April 29, 2010

Patterson's Soft Side

Who know that James Patterson, one of the most popular modern mystery writers harbored the ability to compose a romantic novel that inspires tears? I sure didn't and was pleasantly surprised when I read my very first James Patterson novel: Suzanne's Diary for Nicholas.

Katie works in New York City and has fallen deeply in love with Matt. The two of them have more fun together than she could have ever imagined. Just when things are reaching levels of happiness beyond comprehension, Matt drops a bombshell on Katie. He's married. With no other explanation, he leaves Katie. Katie is, of course, distraught and completely heartbroken. She vows to get over Matt. But then a package arrives for her with his handwriting on the outside. Inside is a diary with a note attached to it. Matt tells Katie that if she really wanted to understand about why Matt never told her about his marriage, she needed to read the diary: his wife Suzanne's diary for his son Nicholas. The diary details the couple's meeting, dating, marriage, and child birth, with a few extra little twists thrown in.

I liked this book and could not put it down. It reads much like a Nicholas Sparks novel. Almost the entire book was read before I had to ask myself, "Okay, I still am not figuring out where this is going." Patterson uses his master mystery mind to hold reader's in suspense until the very last ten pages.

I won't lie and say that this was a fantastic book. I was engaged with it and had to keep reading to find out what happens next, but it isn't literary genius by any means. It's a fun, fast, effortless read. And let's face it, sometimes that's all us avid readers need. I recommend this book to Nicholas Sparks and James Patterson fans! It's worth the read.

April 27, 2010

Plaidy = Historical Fiction Perfection!

The Rose Without A Thorn, by Jean Plaidy

This is the story of Katherine Howard, a lowly member of a prominent English family who would later become Queen of England. Katherine began her life living with her numerous brothers and sisters. Her father and mother, though Howards, did not have the wealth which is usually attributed to such a family. Even at a young age, Katherine exhibited immense beauty and resembled her beautiful cousin, Anne Boleyn (who would serve as her predicesor). Taken in by her grandmother, the Duchess, Katherine learned more than just how to play the lute. Here, she was exposed to all sorts of sexual behaviors, even at the young age of fourteen. The matter was quickly hushed up when Katherine was granted a spot at Court in Henry VIII's fourth queen's, Anne of Cleves, retinue. Unhappy with his German queen, Henry quickly divorced her and married the sensual Katherine. Needless to say, her wicked past caught up with her and led her to the same fate her cousin met: beheading at the block.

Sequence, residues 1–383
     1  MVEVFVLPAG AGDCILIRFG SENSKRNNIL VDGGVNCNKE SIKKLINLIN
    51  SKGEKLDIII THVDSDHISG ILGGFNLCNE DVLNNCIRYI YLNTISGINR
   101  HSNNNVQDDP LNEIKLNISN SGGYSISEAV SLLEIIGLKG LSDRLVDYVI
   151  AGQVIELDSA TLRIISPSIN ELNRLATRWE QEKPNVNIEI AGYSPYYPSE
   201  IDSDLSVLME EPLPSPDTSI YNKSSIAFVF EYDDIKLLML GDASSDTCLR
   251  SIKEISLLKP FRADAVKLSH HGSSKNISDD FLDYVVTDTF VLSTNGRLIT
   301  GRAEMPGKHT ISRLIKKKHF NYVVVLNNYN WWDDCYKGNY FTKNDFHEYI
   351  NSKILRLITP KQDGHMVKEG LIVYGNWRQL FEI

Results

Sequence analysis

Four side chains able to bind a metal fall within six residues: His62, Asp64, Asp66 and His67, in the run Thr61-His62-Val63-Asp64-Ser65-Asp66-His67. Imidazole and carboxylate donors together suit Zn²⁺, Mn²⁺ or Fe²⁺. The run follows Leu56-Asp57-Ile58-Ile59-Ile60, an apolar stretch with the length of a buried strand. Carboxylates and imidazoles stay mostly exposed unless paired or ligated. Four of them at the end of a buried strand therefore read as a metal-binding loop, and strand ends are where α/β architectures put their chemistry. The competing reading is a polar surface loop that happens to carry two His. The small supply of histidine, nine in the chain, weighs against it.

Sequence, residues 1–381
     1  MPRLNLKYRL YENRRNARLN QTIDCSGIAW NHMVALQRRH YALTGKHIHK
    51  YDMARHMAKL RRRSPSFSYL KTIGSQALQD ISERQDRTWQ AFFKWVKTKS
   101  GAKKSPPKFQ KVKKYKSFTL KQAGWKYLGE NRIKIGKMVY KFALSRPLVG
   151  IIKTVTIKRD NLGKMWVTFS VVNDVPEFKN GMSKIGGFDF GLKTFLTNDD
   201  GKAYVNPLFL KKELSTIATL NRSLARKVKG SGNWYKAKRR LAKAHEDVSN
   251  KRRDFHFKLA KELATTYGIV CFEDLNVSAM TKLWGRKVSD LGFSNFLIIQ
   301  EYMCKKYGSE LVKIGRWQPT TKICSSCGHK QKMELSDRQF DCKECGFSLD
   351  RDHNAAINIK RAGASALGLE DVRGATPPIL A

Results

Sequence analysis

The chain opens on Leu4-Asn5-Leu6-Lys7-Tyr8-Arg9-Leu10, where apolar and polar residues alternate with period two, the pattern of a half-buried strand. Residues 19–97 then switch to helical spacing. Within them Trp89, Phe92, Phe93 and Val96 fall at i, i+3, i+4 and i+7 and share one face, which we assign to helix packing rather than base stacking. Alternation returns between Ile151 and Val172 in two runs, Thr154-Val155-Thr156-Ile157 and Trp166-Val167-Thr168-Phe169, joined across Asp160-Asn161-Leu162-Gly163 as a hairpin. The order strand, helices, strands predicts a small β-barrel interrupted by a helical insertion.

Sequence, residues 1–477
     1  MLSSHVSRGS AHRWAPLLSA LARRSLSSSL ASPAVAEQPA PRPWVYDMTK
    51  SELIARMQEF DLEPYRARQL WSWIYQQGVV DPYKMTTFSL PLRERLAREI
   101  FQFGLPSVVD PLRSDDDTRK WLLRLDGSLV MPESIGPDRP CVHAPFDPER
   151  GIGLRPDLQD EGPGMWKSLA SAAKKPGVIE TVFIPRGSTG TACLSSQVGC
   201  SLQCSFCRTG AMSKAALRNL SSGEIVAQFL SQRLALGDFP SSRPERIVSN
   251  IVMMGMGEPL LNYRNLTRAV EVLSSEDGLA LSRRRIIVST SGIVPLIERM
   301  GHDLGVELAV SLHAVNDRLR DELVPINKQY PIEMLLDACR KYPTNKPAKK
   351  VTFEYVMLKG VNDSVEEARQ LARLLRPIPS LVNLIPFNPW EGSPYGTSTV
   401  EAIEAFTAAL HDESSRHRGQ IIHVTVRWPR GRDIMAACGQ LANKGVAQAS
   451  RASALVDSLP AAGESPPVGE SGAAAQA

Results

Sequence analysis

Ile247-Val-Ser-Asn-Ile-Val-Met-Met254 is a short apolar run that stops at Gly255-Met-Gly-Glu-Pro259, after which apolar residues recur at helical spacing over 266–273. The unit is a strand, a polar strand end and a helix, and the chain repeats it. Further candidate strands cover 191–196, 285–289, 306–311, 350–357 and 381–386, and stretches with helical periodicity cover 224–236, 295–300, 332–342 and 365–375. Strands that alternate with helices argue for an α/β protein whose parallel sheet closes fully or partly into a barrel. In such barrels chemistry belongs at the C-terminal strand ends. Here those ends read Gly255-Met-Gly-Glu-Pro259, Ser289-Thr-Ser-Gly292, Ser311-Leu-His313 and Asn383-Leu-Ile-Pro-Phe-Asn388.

I am a huge Jean Plaidy fan. She is one of my favorite authors. She knows how to blend the worlds of history and fiction so well. The Rose Without A Thorn is no exception. There are not many historical fiction books out there that details the life of Henry's other wives. Because Anne Boleyn is arguably the most interesting of his six brides, historical fiction writers tend to focus on her. Not that I am complaining... everyone knows I love a good Anne Boleyn novel. But it is refreshing to read about the others: Catherine of Aragon, Anne of Cleves, Katherine Howard, Catherine Parr, and my personal favorite for some reason Jane Seymour.

I would definitely recommend this book to any Tudor lover. I finished it in a matter of a few days. It's a quick and satisfying read. It will quench any historical fiction fan's thirst for courtly intrigue!

April 8, 2010

Aren't I The Lucky One?

I certainly am feeling lucky! This week I scored huge at my local library and bargain shopping with finding some wonderful books that I have not read yet. I have had these books on my TBR list for ages. Now that I own them, perhaps it will be easier to get around to them. This also gives me some great options to take to Mexico with me at the end of May. So here are the books I scored:

*Laurien Gardner - The Spanish Bride
*Sara Gruen - Water for Elephants
*Kristin Hannah - The Things We Do For Love
*Karen Harper - The Last Princess of Wales
*Khaled Hosseini - The Kite Runner
*Dennis Lehane - Shutter Island
*Jodi Picoult - Vanishing Acts

I am so excited to get reading these. Though I know that I cannot begin reading them until I finish the fifth installment of Diana Gabaldon's Outlander series. I'll tell you what, I love her books without question. But they sure do take a while to read, especially when practically balancing two jobs. The Fiery Cross is an excellent book, though not nearly as wonderful as the others in the series, but I confess that I am anxious to be done with it. I hate that feeling; it makes me feel as though I am cheating on my significant other. So I'm sorry, The Fiery Cross, but can we just get this over with? I'm ready to move on.

With love,